UBC Player’s Club made an earnest attempt

The Dorothy Somerset Studio (DSS), a cozy blackbox theatre, was modestly set for the UBC Players Club’s SNL-ified rendition of Oscar Wilde’s The Importance of Being Earnest. The play ran at 7 p.m. from Tuesday, November 15 — Saturday, November 19, selling out from Thursday to Saturday.

The Importance of Being Earnest is a Victorian English comedy that satires the 19th-century English elite and is one of Wilde’s best-known works. For those who weren’t forced to read it in English class, here's a brief synopsis. The play centres on two unmarried members of the English nobility, John Worthing (Tristen Foy) and Algernon Moncrief (Silken Lawson). Basically, both pretend to be a fake guy named “Ernest '' to avoid social situations but then fall in love with women, Gwendolen Fairfax and Cecily Cardew, who love the men only because they are allegedly named Ernest.

“I decided that I would set [the play] in the Victorian era we explore like we explore that time, but from a contemporary lens and with a contemporary point of view,” said director Sophia Saugstad. Since the play was set through a contemporary lens, Saugstad did not care about historical accuracy, which was clear in how the production played with gender, roles, acting and set dressing.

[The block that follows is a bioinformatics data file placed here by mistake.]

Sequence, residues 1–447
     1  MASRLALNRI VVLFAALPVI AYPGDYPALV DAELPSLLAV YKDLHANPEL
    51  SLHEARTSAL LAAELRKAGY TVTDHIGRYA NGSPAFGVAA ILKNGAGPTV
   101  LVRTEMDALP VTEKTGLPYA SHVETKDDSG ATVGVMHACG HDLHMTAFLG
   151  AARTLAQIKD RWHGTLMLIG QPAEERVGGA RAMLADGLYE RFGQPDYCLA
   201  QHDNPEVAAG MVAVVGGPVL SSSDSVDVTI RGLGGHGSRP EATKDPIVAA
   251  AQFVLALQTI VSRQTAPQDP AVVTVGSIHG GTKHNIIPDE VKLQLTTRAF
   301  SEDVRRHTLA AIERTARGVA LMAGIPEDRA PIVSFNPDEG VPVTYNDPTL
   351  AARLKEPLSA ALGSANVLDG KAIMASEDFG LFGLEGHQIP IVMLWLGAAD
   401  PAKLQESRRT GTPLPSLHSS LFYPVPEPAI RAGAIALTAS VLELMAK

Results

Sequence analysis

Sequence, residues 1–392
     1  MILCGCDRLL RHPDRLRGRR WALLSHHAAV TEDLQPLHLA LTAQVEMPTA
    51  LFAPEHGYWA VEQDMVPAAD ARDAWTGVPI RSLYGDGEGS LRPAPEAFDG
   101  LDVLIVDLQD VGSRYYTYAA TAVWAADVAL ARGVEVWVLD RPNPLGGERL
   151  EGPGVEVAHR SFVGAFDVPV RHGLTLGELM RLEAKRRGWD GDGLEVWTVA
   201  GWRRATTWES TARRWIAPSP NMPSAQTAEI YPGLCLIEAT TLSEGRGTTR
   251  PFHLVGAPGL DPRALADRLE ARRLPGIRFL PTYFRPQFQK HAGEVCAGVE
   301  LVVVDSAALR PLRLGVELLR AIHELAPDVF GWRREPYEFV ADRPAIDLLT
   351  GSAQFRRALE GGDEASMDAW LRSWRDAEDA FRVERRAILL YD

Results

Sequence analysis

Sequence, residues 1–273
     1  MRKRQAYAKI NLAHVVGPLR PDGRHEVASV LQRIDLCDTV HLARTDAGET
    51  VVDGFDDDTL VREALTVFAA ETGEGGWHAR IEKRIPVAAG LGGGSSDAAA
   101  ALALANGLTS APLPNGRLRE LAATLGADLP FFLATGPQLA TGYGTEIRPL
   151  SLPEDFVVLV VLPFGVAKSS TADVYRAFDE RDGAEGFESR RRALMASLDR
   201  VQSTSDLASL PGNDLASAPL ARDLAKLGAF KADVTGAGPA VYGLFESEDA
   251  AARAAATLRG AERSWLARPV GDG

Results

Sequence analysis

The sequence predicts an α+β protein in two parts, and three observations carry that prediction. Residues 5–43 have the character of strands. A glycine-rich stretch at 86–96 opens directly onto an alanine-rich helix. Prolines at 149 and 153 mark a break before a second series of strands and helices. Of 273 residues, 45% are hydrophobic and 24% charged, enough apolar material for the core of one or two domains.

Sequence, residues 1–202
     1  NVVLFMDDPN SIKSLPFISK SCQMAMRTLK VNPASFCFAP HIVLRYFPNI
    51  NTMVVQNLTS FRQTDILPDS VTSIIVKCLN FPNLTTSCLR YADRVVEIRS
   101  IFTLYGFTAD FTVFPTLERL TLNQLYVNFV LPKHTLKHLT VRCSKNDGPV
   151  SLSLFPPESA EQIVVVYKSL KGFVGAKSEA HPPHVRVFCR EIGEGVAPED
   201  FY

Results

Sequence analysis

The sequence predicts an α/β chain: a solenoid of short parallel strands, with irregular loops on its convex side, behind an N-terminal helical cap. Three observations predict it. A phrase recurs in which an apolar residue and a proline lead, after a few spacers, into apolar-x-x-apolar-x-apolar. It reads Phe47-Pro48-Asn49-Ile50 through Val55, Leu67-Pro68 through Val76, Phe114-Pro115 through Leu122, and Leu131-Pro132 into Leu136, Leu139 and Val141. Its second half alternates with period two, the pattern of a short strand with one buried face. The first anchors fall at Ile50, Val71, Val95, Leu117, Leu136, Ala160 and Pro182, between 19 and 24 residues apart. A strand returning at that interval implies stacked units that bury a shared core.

The DSS creates an intimate setting that engagingly puts the audience and cast on the same level. Typically this allows theatre actors to move more subtly, as there is no need to play for the nosebleeds seats in the back. However, Saugstad chose to have the actors play large, with exaggerated voices and expressions — think improv or SNL

Algernon is usually played by a man. However, Saugstad chose to change Algernon's gender from a man to a woman because she thought many of Algernon’s lines about women, if said by a man, would offend a contemporary audience. Saugstad said this was her hardest choice, but it mostly had no impact on the play. We all just accepted that it was set in a pro-lesbian version of the Victorian era.

Saugstad also said that she chose to have the actors do British accents because “it is fun to do a British accent, and I think the British accents add to the ridiculousness of the piece.”

However, the majority of the cast could not do British accents.

In Act Two, the garden set began to fall apart, which, as was put to me by my companion to the play, “was an apt description for the play as a whole.” The falling apart of the set was made worse as half the cast chose to respond in character, while the other half ignored it. Overall the actors had fun with the show — it was just a little rough around the edges.

“I hope that they can take away inspiration that old plays can still be fun to do,” said Saugstad. “I hope what people enjoy about it is just relating to the ridiculous extent we'll go [to] for love and also for social status.”